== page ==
Pollution Prevention Measures

The matrix of conventions described earlier provide for the construction, operation and state monitoring of ships and tankers with respect to the prevention of pollution.

In general terms MARPOL provides for the following pollution prevention measures:


Ships are constructed to maximise safety and environmental protection using double hulls and protective segregated ballast tanks.
Each ship must carry certificates which certify that the ship is properly constructed and has adequate safety measures in place. The exact requirements of the certificates, which are reviewed annually, can be found in the Annexes, Protocols and Codes aligned to the MARPOL Convention.
The ships must carry certificates relating to their operations as follows:
  • International Oil Pollution Prevention Certificate (Ship Construction Certificate or IOPP Certificate)
  • International Pollution Prevention Certificate for the Carriage of Noxious Liquid Substances in Bulk (Chemical Tanker Construction Certificates or IPP Certificate)
  • International Sewage Pollution Prevention Certificates (SPP Certificate)
  • Shipboard Waste Management Plans (Garbage Management Plan)
  • International Air Pollution Prevention Certificate (APP Certificate)
 Australian ships which are damaged or altered to an extent that affects compliance with a Certificate must file a Notice of Alteration or Damage to an Australian Ship with AMSA. A copy of this form can be found in the Appendixes to Marine Orders Parts 91 and 93. They must also notify the nearest marine authority when not in Australian waters.
Oil and chemical tankers built after the mid 1980’s must have double hulls with segregated ballast tanks, tank washing facilities and discharge monitoring systems to protect the environment.
Ships with double hulls have a second internal hull which separates the cargo carrying compartments from the sea with a layer of tanks for the carriage of ballast water or cargo that is not oil or noxious liquids.
Segregated ballast tanks are tanks which are permanently allocated to the carriage of ballast and are completely separate from the cargo and fuel system.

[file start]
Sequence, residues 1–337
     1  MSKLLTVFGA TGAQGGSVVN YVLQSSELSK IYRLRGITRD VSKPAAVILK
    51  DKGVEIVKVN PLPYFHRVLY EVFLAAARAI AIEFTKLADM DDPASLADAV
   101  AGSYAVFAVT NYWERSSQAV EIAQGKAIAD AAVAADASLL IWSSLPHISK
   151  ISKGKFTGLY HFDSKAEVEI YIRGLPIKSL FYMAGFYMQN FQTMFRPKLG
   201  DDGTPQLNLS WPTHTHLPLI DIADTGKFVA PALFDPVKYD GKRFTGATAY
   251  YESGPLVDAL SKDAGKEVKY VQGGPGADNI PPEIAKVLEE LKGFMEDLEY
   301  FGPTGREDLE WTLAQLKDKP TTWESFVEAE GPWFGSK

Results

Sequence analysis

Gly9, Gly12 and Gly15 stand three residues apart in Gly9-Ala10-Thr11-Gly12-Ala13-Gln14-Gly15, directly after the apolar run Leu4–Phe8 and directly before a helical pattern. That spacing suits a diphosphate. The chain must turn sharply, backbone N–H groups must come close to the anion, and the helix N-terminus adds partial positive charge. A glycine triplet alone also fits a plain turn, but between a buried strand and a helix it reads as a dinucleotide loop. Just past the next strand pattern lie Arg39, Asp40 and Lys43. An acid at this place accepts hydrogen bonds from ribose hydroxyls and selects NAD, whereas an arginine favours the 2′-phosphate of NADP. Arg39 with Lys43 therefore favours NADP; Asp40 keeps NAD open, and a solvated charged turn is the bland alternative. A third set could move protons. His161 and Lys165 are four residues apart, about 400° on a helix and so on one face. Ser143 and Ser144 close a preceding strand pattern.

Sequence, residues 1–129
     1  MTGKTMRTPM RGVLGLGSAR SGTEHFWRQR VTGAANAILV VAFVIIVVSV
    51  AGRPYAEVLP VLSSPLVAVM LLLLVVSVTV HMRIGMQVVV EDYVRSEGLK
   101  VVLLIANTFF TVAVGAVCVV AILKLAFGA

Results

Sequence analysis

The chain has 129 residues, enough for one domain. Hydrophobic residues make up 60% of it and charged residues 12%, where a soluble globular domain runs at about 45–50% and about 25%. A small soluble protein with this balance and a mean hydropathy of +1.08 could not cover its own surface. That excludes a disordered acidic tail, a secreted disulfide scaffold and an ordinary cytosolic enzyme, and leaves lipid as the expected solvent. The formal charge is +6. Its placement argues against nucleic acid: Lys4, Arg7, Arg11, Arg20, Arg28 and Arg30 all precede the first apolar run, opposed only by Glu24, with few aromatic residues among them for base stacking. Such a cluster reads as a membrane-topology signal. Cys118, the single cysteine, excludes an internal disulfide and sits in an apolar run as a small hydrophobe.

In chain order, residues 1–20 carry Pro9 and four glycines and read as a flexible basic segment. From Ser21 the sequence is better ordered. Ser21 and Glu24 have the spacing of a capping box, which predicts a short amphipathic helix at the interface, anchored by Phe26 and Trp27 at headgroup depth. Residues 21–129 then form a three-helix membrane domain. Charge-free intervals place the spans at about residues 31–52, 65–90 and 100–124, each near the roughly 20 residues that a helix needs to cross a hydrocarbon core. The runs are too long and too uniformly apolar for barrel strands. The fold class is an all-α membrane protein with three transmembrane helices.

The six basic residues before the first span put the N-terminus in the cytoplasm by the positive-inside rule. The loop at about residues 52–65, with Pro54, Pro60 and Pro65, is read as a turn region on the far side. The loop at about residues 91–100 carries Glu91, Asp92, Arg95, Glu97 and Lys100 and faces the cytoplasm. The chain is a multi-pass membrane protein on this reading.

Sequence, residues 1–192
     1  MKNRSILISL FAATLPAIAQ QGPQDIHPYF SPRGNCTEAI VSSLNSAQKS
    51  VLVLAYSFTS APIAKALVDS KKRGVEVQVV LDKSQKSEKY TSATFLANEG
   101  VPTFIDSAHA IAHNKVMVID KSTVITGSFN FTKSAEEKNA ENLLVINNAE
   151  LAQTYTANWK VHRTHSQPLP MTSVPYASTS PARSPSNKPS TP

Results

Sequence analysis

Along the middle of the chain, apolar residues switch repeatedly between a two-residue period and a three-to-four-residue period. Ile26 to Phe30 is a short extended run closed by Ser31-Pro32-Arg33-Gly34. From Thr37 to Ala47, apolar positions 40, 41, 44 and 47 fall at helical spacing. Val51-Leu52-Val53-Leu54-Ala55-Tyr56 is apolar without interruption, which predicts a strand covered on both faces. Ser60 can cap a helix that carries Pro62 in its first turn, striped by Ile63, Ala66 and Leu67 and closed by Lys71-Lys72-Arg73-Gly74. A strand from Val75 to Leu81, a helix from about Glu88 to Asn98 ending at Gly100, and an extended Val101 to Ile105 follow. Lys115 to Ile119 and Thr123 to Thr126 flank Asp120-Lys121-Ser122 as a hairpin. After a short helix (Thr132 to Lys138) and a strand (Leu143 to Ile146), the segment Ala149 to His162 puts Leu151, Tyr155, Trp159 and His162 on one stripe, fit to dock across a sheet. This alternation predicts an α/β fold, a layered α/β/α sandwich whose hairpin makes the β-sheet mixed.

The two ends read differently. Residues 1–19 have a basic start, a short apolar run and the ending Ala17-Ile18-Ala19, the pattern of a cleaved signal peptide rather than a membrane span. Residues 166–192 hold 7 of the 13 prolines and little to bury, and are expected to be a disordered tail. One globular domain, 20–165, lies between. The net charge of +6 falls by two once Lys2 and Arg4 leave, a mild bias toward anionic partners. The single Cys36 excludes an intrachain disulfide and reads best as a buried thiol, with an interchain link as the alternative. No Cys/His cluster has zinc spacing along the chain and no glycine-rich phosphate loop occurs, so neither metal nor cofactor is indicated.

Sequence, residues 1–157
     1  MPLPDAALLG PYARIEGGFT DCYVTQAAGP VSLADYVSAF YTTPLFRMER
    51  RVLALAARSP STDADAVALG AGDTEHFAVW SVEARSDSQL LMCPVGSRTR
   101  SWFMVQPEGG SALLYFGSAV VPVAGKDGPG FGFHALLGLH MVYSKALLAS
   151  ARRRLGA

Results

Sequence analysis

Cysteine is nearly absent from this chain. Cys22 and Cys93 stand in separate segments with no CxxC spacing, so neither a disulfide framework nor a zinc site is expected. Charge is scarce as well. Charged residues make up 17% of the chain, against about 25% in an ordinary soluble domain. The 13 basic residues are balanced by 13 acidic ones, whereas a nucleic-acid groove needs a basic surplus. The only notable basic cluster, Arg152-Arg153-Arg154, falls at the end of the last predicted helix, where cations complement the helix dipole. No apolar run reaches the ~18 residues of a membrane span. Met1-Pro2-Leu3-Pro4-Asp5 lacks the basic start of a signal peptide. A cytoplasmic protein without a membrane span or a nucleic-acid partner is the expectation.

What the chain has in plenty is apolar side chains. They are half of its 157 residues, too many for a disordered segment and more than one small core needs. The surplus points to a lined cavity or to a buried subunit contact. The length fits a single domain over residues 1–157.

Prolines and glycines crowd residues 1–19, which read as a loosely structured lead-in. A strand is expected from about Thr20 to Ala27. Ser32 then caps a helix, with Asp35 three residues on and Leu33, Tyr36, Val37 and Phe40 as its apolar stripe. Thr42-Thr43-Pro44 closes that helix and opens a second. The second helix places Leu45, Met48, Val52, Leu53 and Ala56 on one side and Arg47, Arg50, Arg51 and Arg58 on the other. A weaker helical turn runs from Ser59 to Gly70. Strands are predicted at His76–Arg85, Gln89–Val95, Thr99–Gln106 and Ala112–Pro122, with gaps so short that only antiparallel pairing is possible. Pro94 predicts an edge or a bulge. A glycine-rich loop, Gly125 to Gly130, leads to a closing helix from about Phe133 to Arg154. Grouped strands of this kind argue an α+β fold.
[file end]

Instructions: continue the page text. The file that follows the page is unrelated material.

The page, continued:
By 2005 all tankers were to have protective segregated ballast tanks in locations that protect the entire length of the cargo tanks, which is an added safety factor in the event of collision or grounding.
By 2010 ships without protective segregated ballast tanks will be refused entry to Australian waters.

Port Facilities

To encourage operators of vessels to meet their obligations under MARPOL all ports must have reasonably priced reception facilities for the discharge of oil, chemicals, harmful substances, sewage, garbage and ballast water.

Safe Operation and Safety Management Systems

All ships must have ISM Code Safety Management Certificates (International Safety Management Code for the Safe Operation of Ships and Pollution Prevention) issued as part of the SOLAS Convention.

Safety management certificates include emergency pollution control plans detailing how the ship will manage a pollution event. An example is a Shipboard Oil Pollution Emergency Plan (SOPEP) which is mandatory for all ships.

Emergency plans must detail the shipboard organisation to deal with pollution, including deployment of equipment, structure of the response team, official reports, duties of the officers and crew and shipboard drills.


Ships Standing Orders for Pollution

Every ship should have standing orders and detailed plans to deal with operational and emergency discharges of pollution. These include:

  •  Oil and chemical discharges
  •  Garbage Management Plans
  •  Sewage treatment and discharges
  •  Packaging, labelling and storage of hazardous goods
  •  Air pollution measures.
Most of these measures will be supervised by the engineering or catering departments.